Monday, 11 January 2016


Viking, 2015, 324 pages
Reviewed by Phil Shannon
In Pyongyang in 2012, wedged in a car between her North Korean Workers Party minders on a sweaty, 40 degree, trip to meet the Stalinist north’s leading film directors, actors and composers, the Sydney film-maker, Anna Broinowski, takes a surreptitious spritz of perfume, to the delight of her foreign film crew who spy the label ‘Kim’ on the bottle of cologne - ‘you have a perfume named after the Dear Leader!’.
If only they knew, writes Broinowski in The Director is the Commander, that the ‘Kim’ in the label refers to the Kim Kardashian from the West’s “trashy celebrity culture” and not to North Korea’s harsh rulers (Kim Il Sung, Kim Jong Il and the current Kim Jong Un), they wouldn’t be laughing at all.
Broinowski is the only Western film-maker ever granted total access to the North Korean film industry which has “built one of the most successful propaganda machines on earth”.  The visit resulted from a spontaneous career decision by the employment-strapped, “between projects”, freelance documentary director who had “spent her twenties steeped in Marx and Billy Bragg” and was now campaigning against a polluting coal-seam-gas (CSG) mine in her local public park in suburban Erskineville.
An ABC producer had given Broinowski a smuggled copy of Kim Jong Il’s cinema manifesto, The Cinema and Directing, and Broinowski had an inspiration.  The Hollywood-loving Kim Jong Il, she notes, had himself made 1,400 films which were, she says, “funny – in a bad way” because of their melodramatic acting, jerky camera moves, didactic dialogue and out-of-sync dubbed sound as their North Korean casts would randomly swell into song and deliver turgid, ten-minute death speeches extolling the greatness of Kim. 
Could the techniques of the North Korean propaganda films, “whose very oddness gave them a unique appeal”, be harnessed to attract viewers to a non-conventional documentary and help stop the local CSG mine, Broinowski wonders?
Such a film might also help break off a chink or two from the wall of Western derision and hostility that surrounds all things North Korean.  Broinowski has no illusions about the human rights abuses, rigid conformity and cult of personality that pervade North Korea where even inadvertent failure to parrot the regime’s ridiculous slogans could brand someone an ‘ideological criminal’ and invite a (sometimes one-way) ticket to a ‘re-education’ gulag.
North Korea’s reputation is grim enough without being supplemented by the fabrications that Western propaganda routinely forges, says Broinowski, but is there some place between the regime’s giant propaganda faƧade and the West’s “beyond evil” view of North Korea where brainwashed automatons live in abject misery and eat grass to survive?
She finds some aspects of North Korean reality not unappealing - “capitalism has been turned off” and with it the visual and aural noise of cars, advertisements, plastic bags, video games, fast food, leaf-blowers and crystal meth addicts slumped in pools of their own vomit.  “This would never happen in Pyongyang” becomes her “new righteous mantra” as she ruefully reflects on such urban blights when back in Sydney.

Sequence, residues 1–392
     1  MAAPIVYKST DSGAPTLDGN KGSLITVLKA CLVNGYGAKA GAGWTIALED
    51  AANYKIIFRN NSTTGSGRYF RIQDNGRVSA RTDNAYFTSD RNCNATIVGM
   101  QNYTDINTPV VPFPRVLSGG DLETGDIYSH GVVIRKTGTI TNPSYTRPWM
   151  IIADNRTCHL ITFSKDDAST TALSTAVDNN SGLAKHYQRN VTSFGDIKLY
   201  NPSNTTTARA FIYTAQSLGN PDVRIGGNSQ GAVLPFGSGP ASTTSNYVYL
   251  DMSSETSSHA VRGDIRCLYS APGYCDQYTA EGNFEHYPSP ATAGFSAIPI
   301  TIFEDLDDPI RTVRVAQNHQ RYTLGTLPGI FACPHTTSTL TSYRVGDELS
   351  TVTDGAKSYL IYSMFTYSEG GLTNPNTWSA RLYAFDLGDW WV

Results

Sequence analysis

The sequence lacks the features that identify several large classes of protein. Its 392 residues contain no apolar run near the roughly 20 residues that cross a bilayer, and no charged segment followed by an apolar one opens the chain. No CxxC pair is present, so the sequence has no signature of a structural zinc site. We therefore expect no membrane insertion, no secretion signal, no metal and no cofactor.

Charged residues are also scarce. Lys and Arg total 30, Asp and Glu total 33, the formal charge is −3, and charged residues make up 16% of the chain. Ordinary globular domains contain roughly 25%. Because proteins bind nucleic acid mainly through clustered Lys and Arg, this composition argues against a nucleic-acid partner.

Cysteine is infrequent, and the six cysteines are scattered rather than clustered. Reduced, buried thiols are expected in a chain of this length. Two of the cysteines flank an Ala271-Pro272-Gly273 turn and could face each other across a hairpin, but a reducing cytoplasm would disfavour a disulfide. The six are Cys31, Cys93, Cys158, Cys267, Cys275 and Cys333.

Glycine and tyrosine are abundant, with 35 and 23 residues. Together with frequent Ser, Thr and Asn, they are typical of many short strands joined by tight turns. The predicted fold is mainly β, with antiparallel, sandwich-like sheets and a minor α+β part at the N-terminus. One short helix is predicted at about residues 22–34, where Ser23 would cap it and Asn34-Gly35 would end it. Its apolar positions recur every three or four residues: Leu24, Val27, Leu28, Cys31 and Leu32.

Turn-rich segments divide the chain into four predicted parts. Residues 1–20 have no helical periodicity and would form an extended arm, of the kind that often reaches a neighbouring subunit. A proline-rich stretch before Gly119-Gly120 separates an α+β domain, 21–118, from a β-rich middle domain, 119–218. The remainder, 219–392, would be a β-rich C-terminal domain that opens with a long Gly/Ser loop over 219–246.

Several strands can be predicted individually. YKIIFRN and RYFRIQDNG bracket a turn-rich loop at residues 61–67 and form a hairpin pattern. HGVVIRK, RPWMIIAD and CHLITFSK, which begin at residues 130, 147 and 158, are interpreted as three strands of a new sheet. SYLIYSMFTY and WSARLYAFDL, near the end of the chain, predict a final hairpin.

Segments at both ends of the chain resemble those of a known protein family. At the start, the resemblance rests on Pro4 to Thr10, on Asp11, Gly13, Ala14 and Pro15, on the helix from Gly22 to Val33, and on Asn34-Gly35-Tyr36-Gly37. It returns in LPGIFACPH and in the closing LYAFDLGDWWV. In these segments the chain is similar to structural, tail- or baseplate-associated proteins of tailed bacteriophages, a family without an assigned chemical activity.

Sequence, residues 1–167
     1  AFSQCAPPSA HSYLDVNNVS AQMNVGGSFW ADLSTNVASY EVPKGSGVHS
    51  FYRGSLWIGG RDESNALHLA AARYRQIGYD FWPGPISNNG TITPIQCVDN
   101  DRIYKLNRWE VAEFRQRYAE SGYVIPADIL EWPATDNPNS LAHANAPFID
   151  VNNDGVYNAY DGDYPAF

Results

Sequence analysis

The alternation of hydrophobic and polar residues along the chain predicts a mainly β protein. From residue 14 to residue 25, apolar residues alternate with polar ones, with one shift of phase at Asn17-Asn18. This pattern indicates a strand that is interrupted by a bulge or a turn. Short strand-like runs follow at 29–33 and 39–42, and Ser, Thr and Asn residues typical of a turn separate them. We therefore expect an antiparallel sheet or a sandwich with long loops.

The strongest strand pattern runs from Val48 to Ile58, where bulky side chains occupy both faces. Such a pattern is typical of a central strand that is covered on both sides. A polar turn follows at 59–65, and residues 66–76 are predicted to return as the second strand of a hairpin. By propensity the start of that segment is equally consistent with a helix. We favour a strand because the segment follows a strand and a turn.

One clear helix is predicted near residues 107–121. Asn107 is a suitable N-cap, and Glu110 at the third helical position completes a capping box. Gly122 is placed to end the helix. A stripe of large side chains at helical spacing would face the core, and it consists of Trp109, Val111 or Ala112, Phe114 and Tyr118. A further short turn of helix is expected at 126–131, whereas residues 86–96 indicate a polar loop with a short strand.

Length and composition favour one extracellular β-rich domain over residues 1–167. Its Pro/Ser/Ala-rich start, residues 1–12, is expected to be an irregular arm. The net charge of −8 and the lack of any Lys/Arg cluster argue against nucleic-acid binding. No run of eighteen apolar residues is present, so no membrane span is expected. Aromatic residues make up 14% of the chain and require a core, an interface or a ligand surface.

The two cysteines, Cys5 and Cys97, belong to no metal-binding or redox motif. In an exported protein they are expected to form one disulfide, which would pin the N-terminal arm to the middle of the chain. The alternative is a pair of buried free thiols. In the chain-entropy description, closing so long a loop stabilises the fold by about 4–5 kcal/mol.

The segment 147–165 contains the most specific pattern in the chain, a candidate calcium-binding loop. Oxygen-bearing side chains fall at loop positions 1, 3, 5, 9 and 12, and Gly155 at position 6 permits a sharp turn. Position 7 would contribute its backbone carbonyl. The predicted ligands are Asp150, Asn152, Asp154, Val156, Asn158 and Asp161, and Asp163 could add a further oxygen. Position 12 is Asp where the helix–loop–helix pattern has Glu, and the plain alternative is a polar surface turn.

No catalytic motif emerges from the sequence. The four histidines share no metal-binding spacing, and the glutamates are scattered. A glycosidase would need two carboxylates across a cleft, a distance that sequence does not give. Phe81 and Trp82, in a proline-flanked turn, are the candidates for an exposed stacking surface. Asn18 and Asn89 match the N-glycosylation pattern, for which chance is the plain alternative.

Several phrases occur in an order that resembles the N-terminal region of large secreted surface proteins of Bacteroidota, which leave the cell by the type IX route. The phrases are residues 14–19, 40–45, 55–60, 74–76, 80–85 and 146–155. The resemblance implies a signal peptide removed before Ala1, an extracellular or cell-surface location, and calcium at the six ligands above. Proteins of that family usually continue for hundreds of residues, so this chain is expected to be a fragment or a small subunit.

This somewhat flippant upside, however, is spoiled by the sense of menace Broinowski experiences in the North Korean background – the constant surveillance, the censorship of what she can and can’t film, and the anonymous ‘Man in Black’ taking notes in the corner whenever Broinowski meets her North Korean colleagues for interviews and discussion of her anti-CSG mini-film, The Gardener.
She takes hope, however, from the occupational camaraderie between the Australian and North Korean film crews, and from the joking, profanity, flirting and friendliness that escapes from beneath the routinely sunny propaganda monologues delivered by her well-rehearsed interviewees.  This reinforces Broinowski’s aim to “humanise the North Koreans … and make the case for cultural diplomacy over military threats and sanctions”.
Her documentary, premiered in 2013, “reproduces the key tropes of the North Korean propaganda movie in the middle of Sydney – a suffering working class heroine, people randomly bursting into song, sentimental nature metaphors, two chaste star-crossed lovers and an evil capitalist who comes to a sticky end”.  Contained in a longer critical documentary (Aim High In Creation!) about the making of The Gardener, Broinowski hopes it will be more art than a crude parody of the North Korean movie house-style.
She realises, however, that “the combination of Kim Jong Il and coal seam gas was always going to be a stretch”, and, sharing her doubts, are some of her Sydney anti-CSG activists who were a little perplexed and made uneasy by “linking their cause to a totalitarian regime”, whilst conservative commentators gloated in the opportunity to launch into their own favourite propaganda chorus on the sins of socialism and environmentalism.
Others, however, embraced the documentary for its novelty, surrealism, humour and emotional warmth - and for its excellence as political cinema.  All these virtues are reinforced by Broinowski’s book, with its irresistibly bright and breezy tone, and its challenging probe into the nature of propaganda, both totalitarian-state and liberal-capitalist.

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